Trump’s unconventional black connection: what it means

Republican candidates cannot get the Black vote. Virtually all of it goes to Democrats. We all know that, don’t we?

Uh…maybe not any more.

In 2016, then-candidate Donald Trump shook things up by pointing to the horrible, never-changing conditions in one-party Democrat-ruled inner cities, and told Black voters to consider him because “what the hell do you have to lose”?

The resultant increase in Black support, though slight, may well have been  the difference in closely contested states like Michigan and Florida…  which means it may have been the difference between winning and losing the election.

Now, building on that modest but important beginning, Mr. Trump  Is accumulating high profile Black support from, to say the least, unexpected sources.

Would anyone in his or her right mind have thought Kanye West would turn into a Trump supporter? Or Dennis Rodman? Or just-released drug dealer Alice Johnson?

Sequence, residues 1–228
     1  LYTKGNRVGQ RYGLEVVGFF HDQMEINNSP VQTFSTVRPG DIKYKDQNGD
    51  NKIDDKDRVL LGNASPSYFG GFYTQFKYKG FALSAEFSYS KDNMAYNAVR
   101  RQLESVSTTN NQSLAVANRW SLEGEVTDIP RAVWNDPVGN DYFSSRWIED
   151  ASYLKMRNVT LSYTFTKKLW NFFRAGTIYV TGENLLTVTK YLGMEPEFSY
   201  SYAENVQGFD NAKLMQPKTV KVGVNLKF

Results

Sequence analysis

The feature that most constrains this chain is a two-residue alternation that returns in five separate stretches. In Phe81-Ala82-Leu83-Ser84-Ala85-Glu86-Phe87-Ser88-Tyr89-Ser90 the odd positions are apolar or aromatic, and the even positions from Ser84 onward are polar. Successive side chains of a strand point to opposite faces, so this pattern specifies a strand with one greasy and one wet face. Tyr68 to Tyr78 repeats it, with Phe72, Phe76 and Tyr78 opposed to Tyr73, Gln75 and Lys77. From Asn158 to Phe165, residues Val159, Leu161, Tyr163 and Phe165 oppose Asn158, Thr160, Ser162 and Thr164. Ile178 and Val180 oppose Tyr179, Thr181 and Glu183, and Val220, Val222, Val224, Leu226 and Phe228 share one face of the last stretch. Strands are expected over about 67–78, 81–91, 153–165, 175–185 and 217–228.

Individually, these supporters may not mean a thing. But, as they accumulate, they may cause some Black voters to consider their options, instead of reflexively pulling the “D” lever.

The fact that high-profile Black personalities, regardless of why they are high-profile, openly support Trump, in effect. gives rank and file Black voters “permission” to do the same.  They know they are not alone.

And if Donald Trump can convince any appreciable segment of the Black vote to seriously consider voting for Republican candidates, it will change the structure of American politics.

That is the Democrats’ worst nightmare of all.

1 Comment

  • Add to the above with, if the economic numbers stay the same or get better before the 2020 election, he can tell the black voters, you gave me a chance in 2016 and I delivered. I will do even more if you support me now. You have a lot to lose if you don’t.

    Or something like that.

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